Crown has fired a warning shot at Victoria’s royal commission, claiming 12,000 jobs would be at risk if it lost its casino licence

(Joe Armao, SMH)

Crown Resorts has claimed it could default on its debt if Victoria’s royal commission makes negative findings against its Melbourne casino licence with “severe consequences” for shareholders and thousands of employees.

The casino giant’s executive chairman Helen Coonan on Thursday denied the company was trying to interfere with the inquiry when it wrote to Victoria’s gaming minister Melissa Horne last week warning it was “not in the public interest for Crown to fail”.

A redacted version of the letter was made public on Friday morning, and shows Crown told the minister that the jobs of 12,000 people who work at its Southbank complex could be at risk if there was a negative finding against it.

Commissioner Ray Finkelstein is considering whether Crown is fit to hold it licence for the Southbank casino, after an inquiry in NSW ruled in January it was unsuitable to run its new Sydney casino.

References to any particular outcome from the inquiry were redacted in the letter, but it appears to contemplate the $8 billion ASX-listed group losing its licence.

The letter goes on to say that Crown would be at risk of breaching its lending covenants as a result of a negative ruling in, and makes reference to conditions attached to around $700 million of company debt.

“If there is an EOD [event of default] it may have severe consequences for Crown and all its stakeholders,” the letter from Crown’s lawyer, Arnold Bloch Leibler partner Leon Zwier, says.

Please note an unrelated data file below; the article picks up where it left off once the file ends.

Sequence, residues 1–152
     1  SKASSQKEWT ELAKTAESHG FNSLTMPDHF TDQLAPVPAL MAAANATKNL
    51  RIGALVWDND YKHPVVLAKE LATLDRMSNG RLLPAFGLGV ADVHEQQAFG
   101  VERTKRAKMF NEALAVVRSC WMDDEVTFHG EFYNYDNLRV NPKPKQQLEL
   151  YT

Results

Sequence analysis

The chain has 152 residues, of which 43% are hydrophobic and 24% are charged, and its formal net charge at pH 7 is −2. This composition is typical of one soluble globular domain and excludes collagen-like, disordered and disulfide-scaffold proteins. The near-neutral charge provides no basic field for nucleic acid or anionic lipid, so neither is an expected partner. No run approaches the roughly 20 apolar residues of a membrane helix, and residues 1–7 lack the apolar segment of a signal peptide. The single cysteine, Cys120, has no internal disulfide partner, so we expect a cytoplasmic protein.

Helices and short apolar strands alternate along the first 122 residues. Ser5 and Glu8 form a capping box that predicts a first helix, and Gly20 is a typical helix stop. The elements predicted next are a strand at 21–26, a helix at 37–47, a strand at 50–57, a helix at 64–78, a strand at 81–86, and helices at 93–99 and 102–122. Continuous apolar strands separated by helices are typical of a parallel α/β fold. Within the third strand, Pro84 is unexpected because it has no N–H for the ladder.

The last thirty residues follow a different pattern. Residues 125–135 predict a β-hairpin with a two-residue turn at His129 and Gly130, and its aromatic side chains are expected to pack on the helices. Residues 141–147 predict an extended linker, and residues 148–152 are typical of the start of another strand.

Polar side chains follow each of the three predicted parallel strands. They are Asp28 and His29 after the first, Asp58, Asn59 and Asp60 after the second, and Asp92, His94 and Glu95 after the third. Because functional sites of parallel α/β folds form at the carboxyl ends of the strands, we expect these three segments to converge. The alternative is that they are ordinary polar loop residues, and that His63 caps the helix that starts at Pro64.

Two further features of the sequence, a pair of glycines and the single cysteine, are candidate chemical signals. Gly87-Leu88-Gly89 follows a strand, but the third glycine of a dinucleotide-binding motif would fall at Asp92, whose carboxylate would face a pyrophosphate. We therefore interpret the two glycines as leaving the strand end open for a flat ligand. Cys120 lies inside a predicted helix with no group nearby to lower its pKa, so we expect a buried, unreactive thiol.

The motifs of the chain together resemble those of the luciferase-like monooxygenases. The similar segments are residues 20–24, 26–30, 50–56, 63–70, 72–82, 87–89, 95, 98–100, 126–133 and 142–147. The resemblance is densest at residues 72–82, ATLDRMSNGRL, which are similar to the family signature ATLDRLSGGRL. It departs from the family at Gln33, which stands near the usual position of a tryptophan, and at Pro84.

“This will impact on Crown’s shareholders, employees, unions, trade creditors, patrons, the hotel precinct and the Melbourne tourism industry.”

A default could also “provide potential overseas suitors an opportunity to take advantage of the situation”, the letter says.

Crown has in recent months received takeover offers from US private equity firms Blackstone and Oaktree, as well as a merger proposal from its Sydney rival The Star.

The letter says that most of Crown Melbourne’s employees are “disconnected from, and have not directly or indirectly contributed to the failures of Old Crown”.

“Through COVID 19 they have suffered significant uncertainties. They will suffer greater uncertainties if there is an [event of default],” it says.

Mr Zwier asked Ms Horn to meet with him and Ms Coonan “urgently to discuss these issues and a proposal to put in place additional safeguards to further assure the state the Crown is different from Old Crown”.

The Victorian royal commission’s final public hearings are being held on Friday. Commissioner Finkelstein will report his findings back by October 15.

At 1.14pm Crown’s shares were trading 3.3 per cent lower at $10.83. The stock has tumbled 13 per cent in the past month.

This story first appeared in The Age. Read it here or follow the Financial Review on Facebook.